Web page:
Disappearing Act: Let Your Grief Breathe
I disappeared this year. Not just a quiet period away from social media, but a full on disappearance from my life. I never quite made it to hang out with friends and I sat in the hallway during church, unable to engage with a sermon or much of the music. When I sat down to write, there were rarely words. My kids would ask to hang out and I’d realize I couldn’t remember how to do that either.
I was physically present, but mentally and emotionally absent.
Usually, I struggle September through the beginning of February. Those months include memories of Keith and my dad being sick, both kids’ birthdays, and both my dad and Keith’s heaven anniversaries. But this year February came and went and the grief cloud never lifted. I realized around May it was because our tenth wedding anniversary was looming.
How do you “celebrate” when the one you made a life with, memories with, a family with, isn’t there?
And so, it’s been nine long months of feeling like I’m the wrong end of a disappearing act gone wrong.
I know I’ve disappointed people. Not shown up when they needed me. Not noticed when they needed a hug or someone to listen. I’ve dropped balls and been inconsistent (and probably inconsiderate).
Honestly, I was completely distracted by what was going on in my head.
I’ve learned that’s a requirement when it comes to healing from and living with deep grief: more time for introspection that even this highly introverted person thought was necessary.
I’ve needed to sit with the raw emotions I couldn’t give my attention to over the last three years. There was no room in my heart, mind, or schedule for them. I was changing diapers and driving to preschool and teaching children to feed themselves and use the toilet and —
There really wasn’t time or space for my own grief and it’s been collecting dust on a shelf.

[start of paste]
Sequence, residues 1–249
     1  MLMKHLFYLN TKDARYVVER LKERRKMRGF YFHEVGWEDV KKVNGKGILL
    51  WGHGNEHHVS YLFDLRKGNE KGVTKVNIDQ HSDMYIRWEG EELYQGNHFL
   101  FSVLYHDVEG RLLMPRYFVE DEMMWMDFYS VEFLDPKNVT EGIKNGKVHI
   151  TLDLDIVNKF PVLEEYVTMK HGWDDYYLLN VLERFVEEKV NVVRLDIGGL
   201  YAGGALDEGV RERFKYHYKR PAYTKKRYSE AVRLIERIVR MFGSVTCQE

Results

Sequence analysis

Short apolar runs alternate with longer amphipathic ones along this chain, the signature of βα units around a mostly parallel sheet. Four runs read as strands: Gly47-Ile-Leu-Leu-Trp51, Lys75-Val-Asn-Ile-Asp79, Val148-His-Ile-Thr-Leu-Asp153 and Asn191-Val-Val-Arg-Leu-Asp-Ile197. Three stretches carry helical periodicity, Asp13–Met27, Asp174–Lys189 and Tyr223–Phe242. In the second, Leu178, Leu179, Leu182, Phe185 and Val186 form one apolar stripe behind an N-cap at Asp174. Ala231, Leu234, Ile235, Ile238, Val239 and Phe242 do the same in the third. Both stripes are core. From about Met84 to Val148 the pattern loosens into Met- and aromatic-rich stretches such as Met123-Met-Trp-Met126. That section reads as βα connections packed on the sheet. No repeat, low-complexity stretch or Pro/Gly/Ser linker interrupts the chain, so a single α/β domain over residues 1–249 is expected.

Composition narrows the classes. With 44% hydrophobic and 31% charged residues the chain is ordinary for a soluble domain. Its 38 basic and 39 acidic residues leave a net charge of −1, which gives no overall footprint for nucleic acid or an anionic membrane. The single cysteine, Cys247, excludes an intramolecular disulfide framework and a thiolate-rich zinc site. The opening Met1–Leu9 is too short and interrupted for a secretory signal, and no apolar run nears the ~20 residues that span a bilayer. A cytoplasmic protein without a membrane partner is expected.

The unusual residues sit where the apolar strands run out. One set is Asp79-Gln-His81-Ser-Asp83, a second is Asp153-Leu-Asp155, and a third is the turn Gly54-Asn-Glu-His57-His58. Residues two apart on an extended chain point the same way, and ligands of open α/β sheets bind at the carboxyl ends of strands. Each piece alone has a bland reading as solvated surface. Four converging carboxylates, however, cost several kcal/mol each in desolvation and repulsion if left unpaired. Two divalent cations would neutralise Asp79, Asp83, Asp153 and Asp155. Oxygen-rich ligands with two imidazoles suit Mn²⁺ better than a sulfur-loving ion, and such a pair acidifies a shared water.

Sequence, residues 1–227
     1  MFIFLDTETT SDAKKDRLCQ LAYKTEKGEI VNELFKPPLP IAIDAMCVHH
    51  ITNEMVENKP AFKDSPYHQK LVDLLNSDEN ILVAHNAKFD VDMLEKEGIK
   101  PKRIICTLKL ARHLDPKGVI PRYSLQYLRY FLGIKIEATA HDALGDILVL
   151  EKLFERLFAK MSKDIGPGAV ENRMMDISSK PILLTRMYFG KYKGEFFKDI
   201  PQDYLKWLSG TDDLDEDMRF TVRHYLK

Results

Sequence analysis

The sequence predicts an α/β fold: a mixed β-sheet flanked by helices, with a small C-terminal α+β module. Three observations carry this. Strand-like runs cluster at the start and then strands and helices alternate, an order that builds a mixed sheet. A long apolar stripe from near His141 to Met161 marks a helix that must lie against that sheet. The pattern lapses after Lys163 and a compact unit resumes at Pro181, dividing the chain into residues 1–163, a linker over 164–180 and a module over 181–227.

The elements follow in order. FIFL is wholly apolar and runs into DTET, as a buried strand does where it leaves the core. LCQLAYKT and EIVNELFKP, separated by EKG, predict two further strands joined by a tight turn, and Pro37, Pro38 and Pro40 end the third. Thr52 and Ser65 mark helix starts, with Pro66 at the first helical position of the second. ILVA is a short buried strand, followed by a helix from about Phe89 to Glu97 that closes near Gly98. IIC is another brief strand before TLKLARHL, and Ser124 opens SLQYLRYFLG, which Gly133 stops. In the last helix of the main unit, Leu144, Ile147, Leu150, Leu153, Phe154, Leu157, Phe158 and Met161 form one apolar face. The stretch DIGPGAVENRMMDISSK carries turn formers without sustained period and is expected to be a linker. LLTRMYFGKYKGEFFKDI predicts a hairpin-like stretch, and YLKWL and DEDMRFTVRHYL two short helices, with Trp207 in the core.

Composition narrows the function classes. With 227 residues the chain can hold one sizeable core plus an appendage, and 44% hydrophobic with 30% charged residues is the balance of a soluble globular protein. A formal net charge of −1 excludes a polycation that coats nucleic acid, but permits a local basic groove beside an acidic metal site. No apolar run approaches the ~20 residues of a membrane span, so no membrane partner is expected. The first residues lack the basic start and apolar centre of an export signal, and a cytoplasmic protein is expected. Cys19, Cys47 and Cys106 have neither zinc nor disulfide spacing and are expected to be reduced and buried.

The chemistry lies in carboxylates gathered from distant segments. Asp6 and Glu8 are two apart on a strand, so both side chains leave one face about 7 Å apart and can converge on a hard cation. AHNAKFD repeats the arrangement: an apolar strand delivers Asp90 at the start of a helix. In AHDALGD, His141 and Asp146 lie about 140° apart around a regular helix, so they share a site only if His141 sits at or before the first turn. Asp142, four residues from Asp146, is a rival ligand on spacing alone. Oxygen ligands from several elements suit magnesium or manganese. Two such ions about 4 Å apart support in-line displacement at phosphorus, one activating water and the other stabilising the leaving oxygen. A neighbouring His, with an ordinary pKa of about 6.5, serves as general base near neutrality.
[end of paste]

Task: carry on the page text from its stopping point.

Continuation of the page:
Until these last nine months. I’ve dusted it off and sat with it. And felt big things. And remembered little things. And forgotten to take care of a lot of real life, right now things.
This is why I love reading fiction. It helps me to access the emotions I’ve ignored for so long. And it reminds me that grief is a human experience. And it’s one of the hardest aspects of being human.
Currently, I’m listening to the detective novel Maisie Dobbs by Jacqueline Winspear and I had to re-listen to this quote several times.
Allow grief room to air itself.
And in those few words, all of the last nine months made sense. Without my even realizing it, I made space for the grief to air itself out, to expand and contract, and show me all of its sides. Sometimes grief is ugly and ravages you like a mysterious monster. Sometimes it’s more like sand hiding pieces of sea glass; gifts of memories glimmering, waiting to be discovered. But you have to dig. You have to do the work. It’s painful and exhausting and ugly and beautiful.
But, like a pearl in an oyster or a butterfly coming out of a cocoon, a little bit of grit combined with time and effort results in beautiful, valuable things. It might feel like you’re doing a disappearing act, but really, you’re admitting that you’re putting a few things down for awhile because you can’t carry everything at once. You’ll be able to pick them up again, eventually.
Just let your grief breathe a bit and you’ll see.